Remember the selective disclosure problem before Facebook’s IPO?That was when Facebook cut its earnings outlook during the IPO roadshow but only told big institutional investors about it. (Specifically, Facebook told the stock analysts at its IPO underwriters, who then cut their “estimates” and verbally told their big clients about this–leaving everyone else in the dark).
Yes, well, what Facebook did for itself when it did that–aside from getting itself sued–was to set a very low bar for its first quarter of performance as a public company.
How low a bar?
All of the analysts who were covering Facebook’s stock and were not part of the underwriting team have been estimating that Facebook would earn $0.15 per share in Q2, Facebook’s first quarter as a public company.
All of the underwriter analysts, meanwhile–the folks who received verbal guidance from Facebook and finally published their research yesterday–are now “estimating” that Facebook will earn $0.10 in Q2. (Thanks to the Wall Street Journal for pointing this out.)
As a result, after yesterday, the “consensus” estimate for Facebook’s Q2 results dropped from $0.15 to $0.12. All of the analysts who got privileged information from the company, meanwhile, are parked at $0.10, a full 30% below the the consensus of the analysts who were actually estimating the results.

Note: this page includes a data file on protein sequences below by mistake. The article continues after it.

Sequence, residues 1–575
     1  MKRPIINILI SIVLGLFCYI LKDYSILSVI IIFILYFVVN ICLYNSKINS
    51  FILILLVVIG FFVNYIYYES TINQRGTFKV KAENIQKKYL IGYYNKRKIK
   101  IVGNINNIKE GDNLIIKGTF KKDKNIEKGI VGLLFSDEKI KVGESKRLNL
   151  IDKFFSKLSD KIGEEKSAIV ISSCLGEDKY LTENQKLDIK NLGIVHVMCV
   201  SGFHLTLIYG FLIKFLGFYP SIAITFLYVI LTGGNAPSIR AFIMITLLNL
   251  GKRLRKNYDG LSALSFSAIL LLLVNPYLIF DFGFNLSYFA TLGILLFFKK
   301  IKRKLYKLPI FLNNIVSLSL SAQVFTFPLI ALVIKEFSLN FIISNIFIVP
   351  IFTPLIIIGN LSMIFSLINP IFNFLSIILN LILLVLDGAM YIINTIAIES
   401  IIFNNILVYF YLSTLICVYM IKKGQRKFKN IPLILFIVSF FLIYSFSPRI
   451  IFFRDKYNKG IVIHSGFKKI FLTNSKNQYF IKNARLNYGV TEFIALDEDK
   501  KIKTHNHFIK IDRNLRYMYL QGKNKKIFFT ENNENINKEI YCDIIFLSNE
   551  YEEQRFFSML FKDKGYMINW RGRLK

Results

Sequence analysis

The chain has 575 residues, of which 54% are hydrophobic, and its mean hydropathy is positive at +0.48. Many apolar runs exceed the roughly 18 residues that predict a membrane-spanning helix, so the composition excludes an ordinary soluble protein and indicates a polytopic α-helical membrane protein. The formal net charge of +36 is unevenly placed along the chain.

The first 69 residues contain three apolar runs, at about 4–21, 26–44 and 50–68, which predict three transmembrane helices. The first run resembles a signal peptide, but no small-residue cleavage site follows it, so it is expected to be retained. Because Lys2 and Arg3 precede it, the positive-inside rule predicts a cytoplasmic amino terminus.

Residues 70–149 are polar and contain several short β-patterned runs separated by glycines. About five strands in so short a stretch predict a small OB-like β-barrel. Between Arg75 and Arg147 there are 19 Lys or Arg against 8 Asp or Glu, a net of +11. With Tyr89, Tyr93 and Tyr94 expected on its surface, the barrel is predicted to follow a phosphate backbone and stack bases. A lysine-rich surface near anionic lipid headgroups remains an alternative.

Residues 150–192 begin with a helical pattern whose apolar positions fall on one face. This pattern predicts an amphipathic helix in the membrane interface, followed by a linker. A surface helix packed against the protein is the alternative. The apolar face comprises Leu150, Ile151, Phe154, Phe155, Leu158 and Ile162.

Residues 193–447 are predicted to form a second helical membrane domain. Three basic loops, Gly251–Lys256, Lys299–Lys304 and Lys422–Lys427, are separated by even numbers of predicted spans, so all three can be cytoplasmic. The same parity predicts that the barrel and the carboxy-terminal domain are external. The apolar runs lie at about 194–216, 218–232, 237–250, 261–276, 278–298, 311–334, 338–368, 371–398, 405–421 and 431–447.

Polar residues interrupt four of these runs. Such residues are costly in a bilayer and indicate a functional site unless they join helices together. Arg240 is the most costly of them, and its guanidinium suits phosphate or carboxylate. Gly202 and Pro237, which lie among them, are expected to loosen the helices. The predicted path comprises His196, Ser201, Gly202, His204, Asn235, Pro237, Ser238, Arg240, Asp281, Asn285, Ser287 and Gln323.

So, where do you think Facebook’s Q2 EPS will come in?
We’d bet around $0.13-$0.14–comfortably above the current “consensus” and way above the $0.10 that Facebook guided all the underwriter analysts to.
Now, that’s actually well below what the analysts who were actually estimating were thinking Facebook would do, which is bad news. But we already knew that Facebook was having a crappy quarter–because they told their underwriter analysts that during the IPO roadshow, and we all found out about it later. Meanwhile, earnings of $0.13-$0.14 on a new consensus of $0.12 will produce lots of “Facebook Beats Estimates!” headlines that will sound very positive.
And these headlines will sound a lot more positive than the “Facebook blows its first quarter as a public company” headlines that would have followed if Facebook had allowed the consensus for Q2 to remain at $0.15 instead of using the underwriter analysts to move that consensus down to $0.12.
So, you can rest assured that Facebook is not run by fools.
And you can also pretty much rest assured that Facebook is going to deliver a “positive surprise” when it reports Q2 results–even though this news will be anything but a surprise.
What would be a real surprise?
What would be a real surprise is if Facebook delivered earnings of, say, $0.16-$0.17 (a true “positive surprise”) or earnings of, say, $0.09 (a disastrous miss of even the low-balled guidance).
In any event…
The main thing you should remember when Facebook reports its Q2 results is that the only actual “estimates” out there are the ones published by the analysts whose firms did not participate in the IPO. All the other numbers are not “estimates”–they’re company guidance. And companies almost never give guidance that they don’t know they will beat, especially in their first quarter as a public company.
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